Landscape-scale biogeographic distribution analysis of the whitefly Bemisia tabaci (Gennadius, 1889) in Kenya.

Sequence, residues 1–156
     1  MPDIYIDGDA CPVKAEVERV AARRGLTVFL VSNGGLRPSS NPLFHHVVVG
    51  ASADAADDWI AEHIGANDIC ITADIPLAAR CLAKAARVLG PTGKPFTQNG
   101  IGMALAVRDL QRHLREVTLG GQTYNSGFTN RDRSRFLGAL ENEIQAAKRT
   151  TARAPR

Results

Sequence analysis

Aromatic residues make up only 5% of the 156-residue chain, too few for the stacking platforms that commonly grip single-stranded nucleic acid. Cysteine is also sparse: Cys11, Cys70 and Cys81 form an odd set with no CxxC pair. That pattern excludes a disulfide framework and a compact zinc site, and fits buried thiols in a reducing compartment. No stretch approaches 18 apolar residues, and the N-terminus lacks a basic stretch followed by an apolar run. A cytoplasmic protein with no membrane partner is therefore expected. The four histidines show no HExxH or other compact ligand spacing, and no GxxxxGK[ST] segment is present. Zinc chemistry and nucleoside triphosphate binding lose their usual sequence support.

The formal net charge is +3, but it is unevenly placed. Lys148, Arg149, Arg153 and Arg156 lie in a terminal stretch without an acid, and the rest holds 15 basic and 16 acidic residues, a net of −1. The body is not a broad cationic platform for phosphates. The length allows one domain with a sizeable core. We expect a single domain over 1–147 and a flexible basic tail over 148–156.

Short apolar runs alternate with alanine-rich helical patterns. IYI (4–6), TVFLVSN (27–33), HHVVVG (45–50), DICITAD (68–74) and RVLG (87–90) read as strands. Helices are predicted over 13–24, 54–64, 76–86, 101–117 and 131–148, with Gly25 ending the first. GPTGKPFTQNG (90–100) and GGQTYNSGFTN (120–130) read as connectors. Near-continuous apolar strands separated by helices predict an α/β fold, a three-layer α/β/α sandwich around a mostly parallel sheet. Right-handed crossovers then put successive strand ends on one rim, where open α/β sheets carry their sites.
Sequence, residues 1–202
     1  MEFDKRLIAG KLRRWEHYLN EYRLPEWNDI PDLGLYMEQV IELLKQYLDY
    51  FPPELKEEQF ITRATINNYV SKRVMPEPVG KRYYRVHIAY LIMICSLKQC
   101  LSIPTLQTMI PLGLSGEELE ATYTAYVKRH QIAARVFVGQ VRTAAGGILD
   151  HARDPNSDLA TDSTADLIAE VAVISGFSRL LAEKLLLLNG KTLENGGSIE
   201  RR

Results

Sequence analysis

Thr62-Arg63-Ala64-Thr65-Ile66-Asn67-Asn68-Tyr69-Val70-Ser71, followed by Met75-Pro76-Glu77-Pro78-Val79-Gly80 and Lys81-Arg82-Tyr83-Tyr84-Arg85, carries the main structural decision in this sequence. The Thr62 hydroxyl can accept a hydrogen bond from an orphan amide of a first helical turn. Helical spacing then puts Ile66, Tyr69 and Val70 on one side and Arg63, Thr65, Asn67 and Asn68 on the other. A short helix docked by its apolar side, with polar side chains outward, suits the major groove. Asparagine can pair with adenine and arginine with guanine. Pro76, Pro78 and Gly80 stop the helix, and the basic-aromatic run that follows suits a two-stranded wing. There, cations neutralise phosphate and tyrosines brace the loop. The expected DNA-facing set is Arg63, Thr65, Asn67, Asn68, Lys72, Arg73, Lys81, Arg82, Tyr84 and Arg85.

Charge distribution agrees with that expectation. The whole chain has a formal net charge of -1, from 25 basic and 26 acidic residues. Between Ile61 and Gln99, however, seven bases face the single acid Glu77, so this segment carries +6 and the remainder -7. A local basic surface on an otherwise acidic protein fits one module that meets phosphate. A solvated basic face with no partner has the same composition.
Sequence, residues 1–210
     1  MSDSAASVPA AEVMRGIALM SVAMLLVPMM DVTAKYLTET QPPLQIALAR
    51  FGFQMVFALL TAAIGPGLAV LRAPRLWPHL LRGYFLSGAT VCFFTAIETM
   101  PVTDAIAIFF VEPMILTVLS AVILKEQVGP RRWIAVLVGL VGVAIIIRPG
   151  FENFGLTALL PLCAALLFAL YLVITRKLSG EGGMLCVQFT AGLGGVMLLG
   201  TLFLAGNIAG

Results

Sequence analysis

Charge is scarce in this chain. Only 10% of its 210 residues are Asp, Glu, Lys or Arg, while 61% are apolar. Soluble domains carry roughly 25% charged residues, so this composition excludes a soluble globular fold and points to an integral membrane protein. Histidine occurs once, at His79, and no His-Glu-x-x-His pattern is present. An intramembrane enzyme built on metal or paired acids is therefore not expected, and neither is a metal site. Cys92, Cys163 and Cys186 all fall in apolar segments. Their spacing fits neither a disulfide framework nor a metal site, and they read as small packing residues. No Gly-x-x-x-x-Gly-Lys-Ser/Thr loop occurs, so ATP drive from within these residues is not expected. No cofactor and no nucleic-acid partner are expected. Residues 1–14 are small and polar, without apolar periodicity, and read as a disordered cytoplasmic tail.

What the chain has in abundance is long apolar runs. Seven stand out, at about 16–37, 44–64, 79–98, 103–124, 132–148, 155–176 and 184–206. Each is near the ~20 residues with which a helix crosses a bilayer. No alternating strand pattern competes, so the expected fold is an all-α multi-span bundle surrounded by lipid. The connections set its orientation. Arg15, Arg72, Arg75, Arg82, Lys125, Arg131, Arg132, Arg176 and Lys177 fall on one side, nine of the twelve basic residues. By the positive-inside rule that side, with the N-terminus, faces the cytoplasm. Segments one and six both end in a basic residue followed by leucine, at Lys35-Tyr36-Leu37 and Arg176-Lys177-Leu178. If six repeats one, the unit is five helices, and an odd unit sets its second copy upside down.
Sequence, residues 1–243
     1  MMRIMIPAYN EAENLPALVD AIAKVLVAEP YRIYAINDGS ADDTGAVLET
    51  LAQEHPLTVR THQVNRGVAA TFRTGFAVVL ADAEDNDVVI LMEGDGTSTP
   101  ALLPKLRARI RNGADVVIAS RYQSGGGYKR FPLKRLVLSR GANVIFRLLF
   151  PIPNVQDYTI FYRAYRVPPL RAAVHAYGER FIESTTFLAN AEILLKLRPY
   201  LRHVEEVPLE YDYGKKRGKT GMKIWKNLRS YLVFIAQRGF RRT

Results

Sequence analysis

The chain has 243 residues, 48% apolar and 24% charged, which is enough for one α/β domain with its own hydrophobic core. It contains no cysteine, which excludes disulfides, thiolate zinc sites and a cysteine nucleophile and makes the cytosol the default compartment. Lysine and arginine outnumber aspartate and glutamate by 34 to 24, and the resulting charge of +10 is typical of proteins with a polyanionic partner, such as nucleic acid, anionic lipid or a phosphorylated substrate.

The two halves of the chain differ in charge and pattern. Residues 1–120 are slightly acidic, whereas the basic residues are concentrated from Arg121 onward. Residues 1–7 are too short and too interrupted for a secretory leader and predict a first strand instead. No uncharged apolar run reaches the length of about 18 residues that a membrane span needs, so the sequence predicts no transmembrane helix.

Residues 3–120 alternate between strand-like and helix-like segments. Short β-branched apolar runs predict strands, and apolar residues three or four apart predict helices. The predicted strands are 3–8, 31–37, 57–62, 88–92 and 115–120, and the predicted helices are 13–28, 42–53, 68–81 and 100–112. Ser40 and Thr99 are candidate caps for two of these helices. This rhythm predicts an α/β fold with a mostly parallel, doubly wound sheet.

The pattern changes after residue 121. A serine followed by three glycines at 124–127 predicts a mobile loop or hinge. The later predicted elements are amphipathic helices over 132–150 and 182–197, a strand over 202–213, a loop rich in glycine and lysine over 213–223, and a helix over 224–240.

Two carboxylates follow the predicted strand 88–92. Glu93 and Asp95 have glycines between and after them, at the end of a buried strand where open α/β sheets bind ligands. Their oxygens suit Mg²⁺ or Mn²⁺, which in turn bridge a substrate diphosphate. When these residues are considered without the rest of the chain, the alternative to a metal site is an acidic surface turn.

Understanding the drivers of habitat use and the suitability of landscape patches by invasive insect species is crucial in their control and management. This simplifies the comprehension of the processes driving invasive insect population dynamics, their functioning, and potential disturbance within their introduced ecosystems. The whitefly, Bemisia tabaci (Gennadius, 1889), is ranked among the world's 100 most invasive insect pests and is a major threat to many important cash and staple food crops. In this study, we identified levels and areas at risk of the invasive B. tabaci at a landscape scale in Kenya using elevation, land surface temperature, land cover, rainfall, and temperature of the present and future (the year 2050 of the community climate system model version 4 (CCSM4)), and using a maximum entropy (MaxEnt) model. Our results show that ~14% of Kenya's land area is currently at risk of B. tabaci invasion. This area is likely to increase to 15% and 16% because of climate change using the representative concentration pathways (RCP) i.e. RCP 2.6 and RCP 8.5 of the year 2050, respectively. Land cover, particularly croplands, provided the highest permutation importance together with precipitation variables in determining the occurrence of the pest. A wide preference range within elevation, precipitation, temperature, and plant hosts was observed suggesting a great potential for B. tabaci to establish in many areas in Kenya and potentially in other countries with similar conditions in Africa. However, the predicted increases in global temperature could reduce the pest's preferred environment, but this also imposes limitations on the productivity of many of its host crops. Therefore, our results can be used in adaptive management to control the pest and to prevent the introduction and spread of B. tabaci in areas where it is yet to establish.